Read More

AbbVie's Skyrizi wins its first FDA approval, springing blockbuster ambitions

biopharmadive | April 24, 2019

The psoriasis approval for Skyrizi (risankizumab) in the U.S. was expected, following a similar go-ahead from regulators in Japan and a positive recommendation from the European Medicines Agency's Committee for Medicinal Products for Human Use. In Phase 3 studies of the drug, roughly 80% of patients with moderate to severe plaque psoriasis achieved 90% clear skin and slightly more than half reached complete skin clearance using Skyrizi. However, the anti-IL23 antibody is far from alone in the next generation of immunology drugs. Other interleukin inhibitors already on the market include J&J's anti-IL 12/23 Stelara (ustekinumab) as well as the IL-17 inhibitors Cosentyx (secukinumab) and Taltz (ixekizumab), respectively marketed by Novartis and Eli Lilly.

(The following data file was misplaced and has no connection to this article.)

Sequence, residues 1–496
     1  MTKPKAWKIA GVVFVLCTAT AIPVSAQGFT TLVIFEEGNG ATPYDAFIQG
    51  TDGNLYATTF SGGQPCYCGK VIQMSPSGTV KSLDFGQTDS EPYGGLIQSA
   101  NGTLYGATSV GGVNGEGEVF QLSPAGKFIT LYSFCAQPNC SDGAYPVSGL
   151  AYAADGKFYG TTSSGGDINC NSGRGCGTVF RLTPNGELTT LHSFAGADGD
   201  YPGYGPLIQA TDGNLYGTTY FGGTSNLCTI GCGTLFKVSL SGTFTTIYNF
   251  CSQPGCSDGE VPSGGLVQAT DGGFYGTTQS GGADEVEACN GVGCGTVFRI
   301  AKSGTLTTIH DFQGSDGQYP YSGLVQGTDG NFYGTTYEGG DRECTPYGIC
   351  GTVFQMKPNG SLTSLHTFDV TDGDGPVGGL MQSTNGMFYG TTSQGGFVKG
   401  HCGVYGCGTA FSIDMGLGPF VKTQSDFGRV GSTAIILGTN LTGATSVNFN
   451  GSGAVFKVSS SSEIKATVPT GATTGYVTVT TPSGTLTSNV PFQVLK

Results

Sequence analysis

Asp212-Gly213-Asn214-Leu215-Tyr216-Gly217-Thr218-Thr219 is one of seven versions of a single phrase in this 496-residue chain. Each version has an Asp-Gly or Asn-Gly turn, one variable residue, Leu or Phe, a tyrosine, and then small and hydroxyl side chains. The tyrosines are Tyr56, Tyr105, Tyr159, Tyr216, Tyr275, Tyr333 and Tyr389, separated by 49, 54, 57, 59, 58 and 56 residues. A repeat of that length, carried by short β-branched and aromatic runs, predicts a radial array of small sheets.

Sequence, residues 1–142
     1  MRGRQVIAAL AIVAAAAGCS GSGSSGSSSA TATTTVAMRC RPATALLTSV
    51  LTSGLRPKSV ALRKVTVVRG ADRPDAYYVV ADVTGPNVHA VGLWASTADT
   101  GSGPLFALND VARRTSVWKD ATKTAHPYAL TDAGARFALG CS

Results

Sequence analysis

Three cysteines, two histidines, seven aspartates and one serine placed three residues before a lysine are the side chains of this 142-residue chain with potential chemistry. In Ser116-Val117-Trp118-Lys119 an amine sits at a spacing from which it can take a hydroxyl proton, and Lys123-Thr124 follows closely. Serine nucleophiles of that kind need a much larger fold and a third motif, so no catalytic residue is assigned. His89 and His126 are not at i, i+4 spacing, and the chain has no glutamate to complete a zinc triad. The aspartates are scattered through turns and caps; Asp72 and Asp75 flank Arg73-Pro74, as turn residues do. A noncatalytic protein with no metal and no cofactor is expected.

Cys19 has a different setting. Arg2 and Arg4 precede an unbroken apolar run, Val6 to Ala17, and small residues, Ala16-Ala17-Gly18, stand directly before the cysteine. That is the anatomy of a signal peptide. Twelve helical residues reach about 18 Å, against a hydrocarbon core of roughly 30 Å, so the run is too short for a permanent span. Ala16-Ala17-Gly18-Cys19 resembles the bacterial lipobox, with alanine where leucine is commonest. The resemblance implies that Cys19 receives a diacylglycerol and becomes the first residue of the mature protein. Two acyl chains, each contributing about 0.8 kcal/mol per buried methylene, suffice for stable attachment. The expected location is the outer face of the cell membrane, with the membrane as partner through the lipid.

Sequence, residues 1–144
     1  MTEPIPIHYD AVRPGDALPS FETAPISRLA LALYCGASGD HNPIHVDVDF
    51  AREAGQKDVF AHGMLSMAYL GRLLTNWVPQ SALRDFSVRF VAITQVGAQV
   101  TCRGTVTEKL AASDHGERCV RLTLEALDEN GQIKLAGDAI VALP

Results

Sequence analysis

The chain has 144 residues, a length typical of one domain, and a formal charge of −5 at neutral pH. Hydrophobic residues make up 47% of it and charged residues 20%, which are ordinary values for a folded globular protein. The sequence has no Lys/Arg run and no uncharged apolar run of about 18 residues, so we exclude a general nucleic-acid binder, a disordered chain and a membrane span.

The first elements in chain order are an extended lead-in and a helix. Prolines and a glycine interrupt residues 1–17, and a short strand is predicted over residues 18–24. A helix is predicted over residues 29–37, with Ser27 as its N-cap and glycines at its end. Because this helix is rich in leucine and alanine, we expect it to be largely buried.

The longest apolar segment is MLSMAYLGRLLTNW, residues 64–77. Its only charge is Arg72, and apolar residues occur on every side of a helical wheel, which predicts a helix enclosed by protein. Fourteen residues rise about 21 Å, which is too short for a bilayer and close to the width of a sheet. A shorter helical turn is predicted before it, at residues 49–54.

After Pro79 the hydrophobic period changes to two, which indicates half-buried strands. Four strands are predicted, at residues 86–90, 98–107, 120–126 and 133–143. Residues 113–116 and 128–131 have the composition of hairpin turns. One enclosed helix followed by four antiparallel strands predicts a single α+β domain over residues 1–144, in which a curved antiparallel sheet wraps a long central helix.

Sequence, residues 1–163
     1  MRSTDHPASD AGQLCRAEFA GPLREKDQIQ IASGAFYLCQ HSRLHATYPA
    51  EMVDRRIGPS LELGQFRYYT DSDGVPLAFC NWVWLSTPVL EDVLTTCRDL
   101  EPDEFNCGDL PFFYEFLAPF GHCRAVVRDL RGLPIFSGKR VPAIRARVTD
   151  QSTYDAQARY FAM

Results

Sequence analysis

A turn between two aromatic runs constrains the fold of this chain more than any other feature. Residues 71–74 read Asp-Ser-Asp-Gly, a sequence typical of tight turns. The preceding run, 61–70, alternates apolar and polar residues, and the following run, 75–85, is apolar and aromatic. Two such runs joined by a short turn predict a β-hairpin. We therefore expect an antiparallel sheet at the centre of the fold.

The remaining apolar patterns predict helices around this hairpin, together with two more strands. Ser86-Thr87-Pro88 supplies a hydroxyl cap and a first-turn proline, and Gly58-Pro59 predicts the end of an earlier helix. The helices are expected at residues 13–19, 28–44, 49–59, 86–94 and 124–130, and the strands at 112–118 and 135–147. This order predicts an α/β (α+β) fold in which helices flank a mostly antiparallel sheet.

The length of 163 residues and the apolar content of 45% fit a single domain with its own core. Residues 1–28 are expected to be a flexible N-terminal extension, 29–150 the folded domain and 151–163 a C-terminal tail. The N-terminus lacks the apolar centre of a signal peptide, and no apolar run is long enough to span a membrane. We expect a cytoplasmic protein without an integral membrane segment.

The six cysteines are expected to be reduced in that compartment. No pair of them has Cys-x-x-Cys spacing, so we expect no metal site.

Read More

President-elect Trump’s promise to bring down drug prices sends biotech and pharma ETFs slumping

SPDR S&P Biotech | December 07, 2016

Biotech and pharmaceutical companies’ Trump rally hit reality hard Wednesday, with a single comment from the president-elect sending ETFs for both sectors sharply down in morning and midday trade. “I’m going to bring down drug prices, Donald Trump told Time in his “Person of the Year cover story. I don’t like what has happened with drug prices.

Read More